During countless shared lunches and impromptu meetings, Takatoshi Ito made a detailed and persuasive case that sold Haruhiko Kuroda on the inflation targeting regime he’s pursued relentlessly as governor of the central bank. That was back in 1999, when Kuroda ran Japan’s currency policy at the Finance Ministry and Ito was his deputy.
Now, the 66-year-old Ito’s combination of academic expertise, policymaking experience and influence at the highest levels in the nation has him discussed among central bank watchers as among those with a chance to succeed Kuroda, or to become one of his deputies at the Bank of Japan should the governor make history by taking another term.
As a member of a G-20 task force on global financial governance, Ito is also well-connected with economic leaders around the world. His decades of work on both sides of the Pacific Ocean have seen him forge links with the biggest names in academic and policy circles.
“Takatoshi Ito comes from the Ben Bernanke, Mario Draghi, Janet Yellen mold,” said Lawrence Summers, former U.S. Treasury Secretary and Ito’s classmate at Harvard University. “He has a network of colleagues who respect him greatly all over the world. He combines academic excellence with a steady, sober, central bankerly temper.”
Few question Ito’s qualifications, but politics may matter more as Prime Minister Shinzo Abe makes a final call for the top BOJ job that’s never been filled by an academic. Kuroda is considered a contender to get another term in April by a majority of economists in a June survey, while other names mentioned included BOJ Deputy Gov. Hiroshi Nakaso and Ambassador to Switzerland Etsuro Honda, who is seen as having close ties to Abe.
Ito won’t say whether he’d take the job if asked, but sees a rocky path ahead for whoever is governor.
“The better the BOJ’s policy goes, the harder its job will be over the next five years,” said Ito, now a Columbia University professor. “Various challenges will emerge when it moves toward an exit.”
Ito favors a gradual reduction of the central bank’s balance sheet, in keeping with thinking at the Federal Reserve, which would see it run off bond holdings as they matured. But like Kuroda, he feels that it’s too early to lay out simulations for an exit.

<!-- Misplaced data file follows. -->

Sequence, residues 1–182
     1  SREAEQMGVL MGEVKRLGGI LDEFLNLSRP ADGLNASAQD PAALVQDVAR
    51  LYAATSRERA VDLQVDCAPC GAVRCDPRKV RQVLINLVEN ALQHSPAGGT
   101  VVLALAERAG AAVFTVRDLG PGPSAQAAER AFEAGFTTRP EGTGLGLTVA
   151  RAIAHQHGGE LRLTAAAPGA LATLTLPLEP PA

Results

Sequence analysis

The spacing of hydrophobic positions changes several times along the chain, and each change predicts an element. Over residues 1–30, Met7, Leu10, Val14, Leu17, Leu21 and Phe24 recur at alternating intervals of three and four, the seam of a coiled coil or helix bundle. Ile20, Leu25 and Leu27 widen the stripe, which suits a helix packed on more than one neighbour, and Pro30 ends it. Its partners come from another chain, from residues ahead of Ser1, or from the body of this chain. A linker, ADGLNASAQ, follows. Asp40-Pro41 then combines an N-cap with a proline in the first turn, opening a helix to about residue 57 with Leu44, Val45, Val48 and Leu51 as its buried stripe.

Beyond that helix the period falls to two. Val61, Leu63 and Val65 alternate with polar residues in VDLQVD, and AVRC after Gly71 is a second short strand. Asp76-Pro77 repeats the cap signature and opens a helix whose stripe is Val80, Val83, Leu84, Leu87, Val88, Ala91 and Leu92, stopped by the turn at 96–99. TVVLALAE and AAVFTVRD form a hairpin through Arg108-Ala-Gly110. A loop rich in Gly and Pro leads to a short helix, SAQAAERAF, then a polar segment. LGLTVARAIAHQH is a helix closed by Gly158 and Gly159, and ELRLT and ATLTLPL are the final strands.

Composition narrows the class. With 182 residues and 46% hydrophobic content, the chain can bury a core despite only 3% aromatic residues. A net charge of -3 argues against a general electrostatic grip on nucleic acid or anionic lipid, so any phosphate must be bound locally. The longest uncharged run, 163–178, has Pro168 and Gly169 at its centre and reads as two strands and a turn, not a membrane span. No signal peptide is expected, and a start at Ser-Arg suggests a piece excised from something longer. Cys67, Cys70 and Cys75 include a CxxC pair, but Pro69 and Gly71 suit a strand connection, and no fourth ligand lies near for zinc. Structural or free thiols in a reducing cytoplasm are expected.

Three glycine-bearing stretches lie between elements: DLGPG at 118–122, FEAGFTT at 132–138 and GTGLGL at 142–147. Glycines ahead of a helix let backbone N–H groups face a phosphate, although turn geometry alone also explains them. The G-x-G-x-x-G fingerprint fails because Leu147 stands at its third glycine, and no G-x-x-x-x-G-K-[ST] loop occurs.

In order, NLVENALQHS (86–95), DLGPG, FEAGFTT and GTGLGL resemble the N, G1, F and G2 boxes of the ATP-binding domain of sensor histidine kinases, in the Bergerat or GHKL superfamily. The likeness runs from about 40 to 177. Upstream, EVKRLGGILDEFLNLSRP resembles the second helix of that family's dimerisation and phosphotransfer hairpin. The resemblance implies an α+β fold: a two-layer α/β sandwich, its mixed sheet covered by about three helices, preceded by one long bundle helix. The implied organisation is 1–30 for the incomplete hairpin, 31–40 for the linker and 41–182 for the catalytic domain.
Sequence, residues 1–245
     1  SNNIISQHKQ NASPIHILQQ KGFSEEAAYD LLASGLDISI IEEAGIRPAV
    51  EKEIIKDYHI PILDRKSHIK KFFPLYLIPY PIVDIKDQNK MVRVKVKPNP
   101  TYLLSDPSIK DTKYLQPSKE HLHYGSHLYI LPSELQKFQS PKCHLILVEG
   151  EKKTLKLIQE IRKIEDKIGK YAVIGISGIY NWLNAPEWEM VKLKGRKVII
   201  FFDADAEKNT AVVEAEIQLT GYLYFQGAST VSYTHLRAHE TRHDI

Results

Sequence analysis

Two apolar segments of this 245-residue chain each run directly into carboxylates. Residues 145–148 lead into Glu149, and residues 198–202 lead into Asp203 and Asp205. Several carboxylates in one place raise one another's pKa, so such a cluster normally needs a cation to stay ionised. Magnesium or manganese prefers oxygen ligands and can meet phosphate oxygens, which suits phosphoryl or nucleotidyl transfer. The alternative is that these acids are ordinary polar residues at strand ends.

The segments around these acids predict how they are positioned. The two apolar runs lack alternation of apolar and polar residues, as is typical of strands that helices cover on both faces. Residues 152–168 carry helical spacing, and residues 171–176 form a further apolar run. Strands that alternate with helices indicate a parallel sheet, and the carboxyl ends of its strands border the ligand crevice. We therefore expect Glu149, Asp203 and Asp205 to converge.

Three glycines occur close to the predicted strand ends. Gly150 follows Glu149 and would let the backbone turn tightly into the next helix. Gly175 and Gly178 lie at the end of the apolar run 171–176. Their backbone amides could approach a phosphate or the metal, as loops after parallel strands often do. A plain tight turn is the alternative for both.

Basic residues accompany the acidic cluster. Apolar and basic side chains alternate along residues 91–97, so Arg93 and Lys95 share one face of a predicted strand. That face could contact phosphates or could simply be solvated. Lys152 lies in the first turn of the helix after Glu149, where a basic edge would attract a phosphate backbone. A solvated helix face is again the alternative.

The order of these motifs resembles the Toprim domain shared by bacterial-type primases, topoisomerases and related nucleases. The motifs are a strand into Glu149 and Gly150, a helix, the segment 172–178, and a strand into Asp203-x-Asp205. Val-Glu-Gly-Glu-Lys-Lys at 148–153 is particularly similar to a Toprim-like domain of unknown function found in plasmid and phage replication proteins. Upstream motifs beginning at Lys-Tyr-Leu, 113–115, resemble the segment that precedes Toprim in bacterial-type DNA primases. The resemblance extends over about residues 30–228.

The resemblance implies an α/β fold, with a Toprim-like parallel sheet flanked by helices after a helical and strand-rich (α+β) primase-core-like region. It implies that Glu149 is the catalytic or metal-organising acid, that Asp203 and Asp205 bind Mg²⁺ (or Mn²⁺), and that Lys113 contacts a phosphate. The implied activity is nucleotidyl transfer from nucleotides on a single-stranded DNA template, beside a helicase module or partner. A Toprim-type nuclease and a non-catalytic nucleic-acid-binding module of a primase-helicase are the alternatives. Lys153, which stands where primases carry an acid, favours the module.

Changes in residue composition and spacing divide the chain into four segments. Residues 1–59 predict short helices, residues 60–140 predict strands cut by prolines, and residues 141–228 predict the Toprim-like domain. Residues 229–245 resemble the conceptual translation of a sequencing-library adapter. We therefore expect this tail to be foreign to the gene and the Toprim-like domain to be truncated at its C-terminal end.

This alone could make him unpopular with some lawmakersn in Abe’s ruling Liberal Democratic Party, amid growing unease about the sustainability of the current monetary policy. His call for the government to stick with a plan to increase the nation’s sales tax in 2019 looms as another issue, given the unpopularity of the tax among the public and Abe’s plunging approval ratings.
Ito has never been far from the world of global economics, even as a boy. He was born and raised in Hokkaido, where his father, Moriuemon, was a professor of business administration.
Ito fondly remembers being surrounded by books in his father’s study, where he first came across works including ‘The General Theory of Employment, Interest, and Money’ by John Maynard Keynes and ‘Lectures on Political Economy’ by Knut Wicksell. He went on to study economics at the prestigious Hitotsubashi University in Tokyo, and then to graduate school, having declined a job offer from the Finance Ministry.
“It was a tough decision,” Ito said in an interview in Tokyo, where he teaches during the summer. “In the end, I figured I had to take a chance. I thought I’d be happier if I succeeded as an academic figure than going to the Finance Ministry.”
He went on to Harvard, where he studied side-by-side with Summers and David Lipton, now the International Monetary Fund’s first deputy managing director. Yellen, the future Federal Reserve chair, taught them macroeconomics. Ito also worked as a research assistant at the U.S. nonprofit National Bureau of Economic Research, befriending Glenn Hubbard, who would co-author a chapter of a book on Japan’s debt problem with him and become his colleague at Columbia.